Of course, none of this really matters unless the board performs well for users looking to cough up $329.99 for this product. We are still running a variety of benchmarks for the upcoming X58 roundup, but at this point the EVGA X58 SLI is at or near the top of the class. However, while we tend to get carried away at times with a frame per second improvement or a half second difference in a benchmark, the real test for these über enthusiast boards generally center on overclocking and stability. Neither of which the EVGA board has failed in up to this point and to be honest, has excelled at for the most part.

Although you would never know it from the advertising, the board does support both CrossFire X and SLI operation. That said, let’s take a look around the board and review its features today.

Features Features Features


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  • Mr Roboto - Friday, November 21, 2008 - link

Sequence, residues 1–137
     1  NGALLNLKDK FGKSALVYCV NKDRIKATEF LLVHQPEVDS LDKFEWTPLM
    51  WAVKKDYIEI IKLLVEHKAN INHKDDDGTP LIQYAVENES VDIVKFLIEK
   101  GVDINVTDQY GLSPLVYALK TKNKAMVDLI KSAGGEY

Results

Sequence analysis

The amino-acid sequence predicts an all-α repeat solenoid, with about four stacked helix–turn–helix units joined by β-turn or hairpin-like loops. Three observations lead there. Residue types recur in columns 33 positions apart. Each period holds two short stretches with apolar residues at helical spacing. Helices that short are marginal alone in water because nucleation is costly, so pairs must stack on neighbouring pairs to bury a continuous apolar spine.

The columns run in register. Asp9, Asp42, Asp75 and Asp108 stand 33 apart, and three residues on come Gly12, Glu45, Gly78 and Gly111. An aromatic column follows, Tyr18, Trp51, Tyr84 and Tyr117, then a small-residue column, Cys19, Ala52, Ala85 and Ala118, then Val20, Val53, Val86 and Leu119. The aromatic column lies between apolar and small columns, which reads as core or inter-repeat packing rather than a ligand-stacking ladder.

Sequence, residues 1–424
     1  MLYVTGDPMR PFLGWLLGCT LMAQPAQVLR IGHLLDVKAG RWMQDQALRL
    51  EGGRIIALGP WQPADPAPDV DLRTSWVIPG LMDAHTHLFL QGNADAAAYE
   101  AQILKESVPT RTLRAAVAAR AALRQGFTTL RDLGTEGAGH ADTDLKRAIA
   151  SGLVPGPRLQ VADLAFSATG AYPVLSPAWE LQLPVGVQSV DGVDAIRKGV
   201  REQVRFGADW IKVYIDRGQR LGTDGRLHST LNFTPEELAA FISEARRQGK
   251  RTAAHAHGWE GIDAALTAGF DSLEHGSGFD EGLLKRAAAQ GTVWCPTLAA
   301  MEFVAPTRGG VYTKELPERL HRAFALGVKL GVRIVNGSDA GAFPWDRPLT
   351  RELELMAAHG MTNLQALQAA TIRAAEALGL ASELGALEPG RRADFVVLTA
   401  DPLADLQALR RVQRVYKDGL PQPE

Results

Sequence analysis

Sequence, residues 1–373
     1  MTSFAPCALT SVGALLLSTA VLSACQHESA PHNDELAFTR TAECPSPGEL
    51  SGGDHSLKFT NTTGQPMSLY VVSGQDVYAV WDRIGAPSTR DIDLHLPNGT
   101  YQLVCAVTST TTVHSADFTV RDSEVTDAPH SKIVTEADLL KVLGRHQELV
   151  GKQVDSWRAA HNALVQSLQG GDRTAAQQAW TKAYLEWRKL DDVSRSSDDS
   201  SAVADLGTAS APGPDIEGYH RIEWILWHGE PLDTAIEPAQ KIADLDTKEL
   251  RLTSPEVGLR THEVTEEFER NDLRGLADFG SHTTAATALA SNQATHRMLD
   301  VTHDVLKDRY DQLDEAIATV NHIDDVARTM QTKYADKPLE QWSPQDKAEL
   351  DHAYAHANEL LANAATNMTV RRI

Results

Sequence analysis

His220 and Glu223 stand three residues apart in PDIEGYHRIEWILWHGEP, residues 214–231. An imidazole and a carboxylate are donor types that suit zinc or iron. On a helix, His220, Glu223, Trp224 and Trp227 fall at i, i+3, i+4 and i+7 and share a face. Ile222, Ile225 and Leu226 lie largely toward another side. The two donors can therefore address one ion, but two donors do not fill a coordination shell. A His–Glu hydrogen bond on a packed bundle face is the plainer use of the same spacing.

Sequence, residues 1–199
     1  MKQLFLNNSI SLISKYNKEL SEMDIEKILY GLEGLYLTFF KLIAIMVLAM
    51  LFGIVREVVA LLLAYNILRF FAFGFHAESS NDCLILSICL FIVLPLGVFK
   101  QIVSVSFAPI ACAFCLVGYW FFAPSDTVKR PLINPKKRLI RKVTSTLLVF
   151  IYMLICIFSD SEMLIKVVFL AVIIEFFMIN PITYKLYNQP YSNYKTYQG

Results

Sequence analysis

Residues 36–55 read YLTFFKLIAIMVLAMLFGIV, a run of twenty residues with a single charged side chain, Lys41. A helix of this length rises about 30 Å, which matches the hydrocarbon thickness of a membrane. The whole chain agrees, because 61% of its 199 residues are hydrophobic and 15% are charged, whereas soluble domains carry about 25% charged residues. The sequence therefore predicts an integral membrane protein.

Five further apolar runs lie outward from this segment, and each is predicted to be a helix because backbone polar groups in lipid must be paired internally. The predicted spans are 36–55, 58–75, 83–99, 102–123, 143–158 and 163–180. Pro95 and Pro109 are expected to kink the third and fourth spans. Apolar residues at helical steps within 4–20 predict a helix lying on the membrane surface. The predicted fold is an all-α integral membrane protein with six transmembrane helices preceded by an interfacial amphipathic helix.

I'm pretty sure all EVGA motherboards are reference designs so I wouldn't expect anything different in terms of performance from the other x58 reference chipsets. Reply
  • aleek2die - Friday, November 21, 2008 - link

    Is this a possible configuration with the EVGA X58?

    2 GTX 280 in SLI 2 in furthest PCI-E slots
    1 8400 GS in Third in PCI-E Slot in middle
    1 X-Fi in PCI Slot in bewteen 2nd and 3rd PCI-E slots

    If possible, would this not make for best hardware accelarated 2 Way SLI configuration with Dedicated PhysX (8400GS)?
  • marsbound2024 - Thursday, November 20, 2008 - link

    Someone else talked about there seeming to be little difference in specs between this board and higher end boards. I am really curious why this board is at the $220 mark and others are around $300 or greater. Can anyone enlighten me on this? I am at a loss on which motherboard to purchase for an i7 setup. Though I may be waiting a month or two just to see where things settle. Reply
  • CEO Ballmer - Wednesday, November 19, 2008 - link

    X56 is better!

  • Jedi2155 - Wednesday, November 19, 2008 - link